The Comox Strathcona Regional Hospital District (CSRHD) has opted to stay the course on tax levels for the coming year.
For its latest financial plan, the board is maintaining the tax level for the two regions at $17 million, which has been the average level in recent years.
“The board had some options in front of them,” manager of financial planning Kevin Douville told the Mirror.
With the completion of the North Island Hospitals Projects, the board had considered an option to reduce the tax requisition to $15 million, which was noted in a staff report from January. However, members decided at the March 7 board meeting to keep levels the same in order to generate reserves for future projects.
“It doesn’t mean that that requisition won’t continue to be looked at and re-evaluated,” Douville said.
The district is comprised of elected directors from the Comox Valley and Strathcona regional districts and oversees local taxation for health sector capital projects. The district typically contributes 40 per cent of the cost of capital projects for acute care facilities.
At the current $17 million requisition level, reserve contributions will average $4.5 million a year for the next 10 years and with interest should amount to approximately $61 million by the time the debt is retired.
Four years ago, according to the staff report, the district had weighed the idea of reducing the tax requisition, but in light of where the two hospital projects for the Comox Valley and Campbell River area were, the feeling at the time was that there was too much uncertainty in terms of financial commitments. Since the new hospitals opened, the financial picture has become clearer.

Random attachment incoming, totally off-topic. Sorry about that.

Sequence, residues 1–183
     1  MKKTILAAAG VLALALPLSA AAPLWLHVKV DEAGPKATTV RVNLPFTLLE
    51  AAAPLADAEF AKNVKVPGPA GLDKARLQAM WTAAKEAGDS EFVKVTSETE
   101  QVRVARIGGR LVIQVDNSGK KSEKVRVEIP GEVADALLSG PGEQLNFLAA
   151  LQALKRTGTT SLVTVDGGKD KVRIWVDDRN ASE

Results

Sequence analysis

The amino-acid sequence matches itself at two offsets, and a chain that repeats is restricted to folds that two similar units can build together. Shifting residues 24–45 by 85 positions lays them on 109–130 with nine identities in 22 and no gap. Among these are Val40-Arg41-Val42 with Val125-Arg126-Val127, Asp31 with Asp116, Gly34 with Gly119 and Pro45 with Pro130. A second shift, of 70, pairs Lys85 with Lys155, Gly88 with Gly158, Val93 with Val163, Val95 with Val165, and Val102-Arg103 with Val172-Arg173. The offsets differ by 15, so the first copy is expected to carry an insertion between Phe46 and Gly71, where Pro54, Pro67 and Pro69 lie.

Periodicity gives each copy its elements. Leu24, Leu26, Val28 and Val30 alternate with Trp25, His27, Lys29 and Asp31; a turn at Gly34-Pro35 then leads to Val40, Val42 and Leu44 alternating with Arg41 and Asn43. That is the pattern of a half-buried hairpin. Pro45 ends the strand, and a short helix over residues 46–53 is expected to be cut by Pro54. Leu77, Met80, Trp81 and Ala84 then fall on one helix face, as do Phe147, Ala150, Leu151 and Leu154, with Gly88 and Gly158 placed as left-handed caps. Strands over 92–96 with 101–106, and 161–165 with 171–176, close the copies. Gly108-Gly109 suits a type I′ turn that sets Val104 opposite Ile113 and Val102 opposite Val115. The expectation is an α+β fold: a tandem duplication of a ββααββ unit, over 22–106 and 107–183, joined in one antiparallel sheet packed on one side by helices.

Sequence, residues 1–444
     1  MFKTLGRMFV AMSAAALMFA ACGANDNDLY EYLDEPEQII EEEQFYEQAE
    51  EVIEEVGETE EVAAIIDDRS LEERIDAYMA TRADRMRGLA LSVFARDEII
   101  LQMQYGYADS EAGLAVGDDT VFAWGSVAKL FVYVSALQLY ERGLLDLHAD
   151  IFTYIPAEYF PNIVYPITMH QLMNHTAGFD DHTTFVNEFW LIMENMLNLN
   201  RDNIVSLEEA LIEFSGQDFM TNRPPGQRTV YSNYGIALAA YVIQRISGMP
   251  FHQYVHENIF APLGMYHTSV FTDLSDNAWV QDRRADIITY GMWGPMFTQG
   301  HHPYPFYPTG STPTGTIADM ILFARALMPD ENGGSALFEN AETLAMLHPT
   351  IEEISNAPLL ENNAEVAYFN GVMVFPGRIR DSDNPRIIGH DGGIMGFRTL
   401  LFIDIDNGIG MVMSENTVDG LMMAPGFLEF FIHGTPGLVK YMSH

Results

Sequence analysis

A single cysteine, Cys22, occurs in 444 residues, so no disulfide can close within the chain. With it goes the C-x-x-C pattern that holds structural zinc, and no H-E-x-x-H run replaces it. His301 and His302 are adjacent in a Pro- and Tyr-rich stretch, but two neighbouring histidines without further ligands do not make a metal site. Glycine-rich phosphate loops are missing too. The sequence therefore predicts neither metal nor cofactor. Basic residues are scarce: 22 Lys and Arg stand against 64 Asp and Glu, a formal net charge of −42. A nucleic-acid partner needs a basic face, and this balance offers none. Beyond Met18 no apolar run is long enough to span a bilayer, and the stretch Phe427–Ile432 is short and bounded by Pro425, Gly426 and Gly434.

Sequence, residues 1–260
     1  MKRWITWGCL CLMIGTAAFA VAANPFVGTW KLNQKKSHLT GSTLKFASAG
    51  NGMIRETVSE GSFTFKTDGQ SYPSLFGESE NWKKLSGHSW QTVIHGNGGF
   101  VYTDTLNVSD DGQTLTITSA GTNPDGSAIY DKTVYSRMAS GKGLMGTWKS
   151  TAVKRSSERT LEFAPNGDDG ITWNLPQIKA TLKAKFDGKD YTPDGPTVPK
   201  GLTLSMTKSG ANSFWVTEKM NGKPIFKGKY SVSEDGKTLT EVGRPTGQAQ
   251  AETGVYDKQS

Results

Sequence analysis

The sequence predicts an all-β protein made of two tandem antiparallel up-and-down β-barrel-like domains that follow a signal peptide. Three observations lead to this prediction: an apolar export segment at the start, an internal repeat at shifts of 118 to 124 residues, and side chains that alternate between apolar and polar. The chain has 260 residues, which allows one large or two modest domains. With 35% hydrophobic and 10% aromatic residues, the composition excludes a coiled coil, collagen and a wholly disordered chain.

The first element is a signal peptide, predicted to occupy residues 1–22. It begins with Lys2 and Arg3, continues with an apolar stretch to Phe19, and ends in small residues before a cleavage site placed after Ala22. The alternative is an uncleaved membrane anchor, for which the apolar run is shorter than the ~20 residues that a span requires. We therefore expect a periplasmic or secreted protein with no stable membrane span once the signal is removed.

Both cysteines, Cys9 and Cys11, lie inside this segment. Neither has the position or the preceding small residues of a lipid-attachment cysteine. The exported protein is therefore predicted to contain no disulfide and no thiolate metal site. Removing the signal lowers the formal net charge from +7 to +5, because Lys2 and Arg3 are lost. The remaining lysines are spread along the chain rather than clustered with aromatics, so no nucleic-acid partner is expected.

“We’re certainly going to be paying off the debt much sooner than we had originally anticipated,” Douville said.
With the projects mostly complete, the CSRHD is on schedule to repay its long-term debt through the provincial Municipal Financial Authority over a 10-year period, by 2028.
“We do have some final costs remaining with respect to the North Island Hospitals Project,” Douville said. “We’re in the last year of payments to Island Health in that regard.”
Last summer, the board approved this debt financing plan. The staff report also notes that the debt is locked in for the 10-year term, and while there is an option to repay it early, there is no financial benefit for the hospital district is doing so.
“We’re now into the annual debt repayment for the debt for those hospitals,” Douville said. “We’re obligated to pay the interest regardless. There’s really no advantage.”
At this point, the hospital district is planning a strategic planning process, probably during the middle of 2019, through which it will review its mandate in light of the completion of the two major capital projects. This could mean there are still changes in the future regarding tax requisition levels.
“Obviously, every year that budget gets reviewed and brought forward,” Douville said.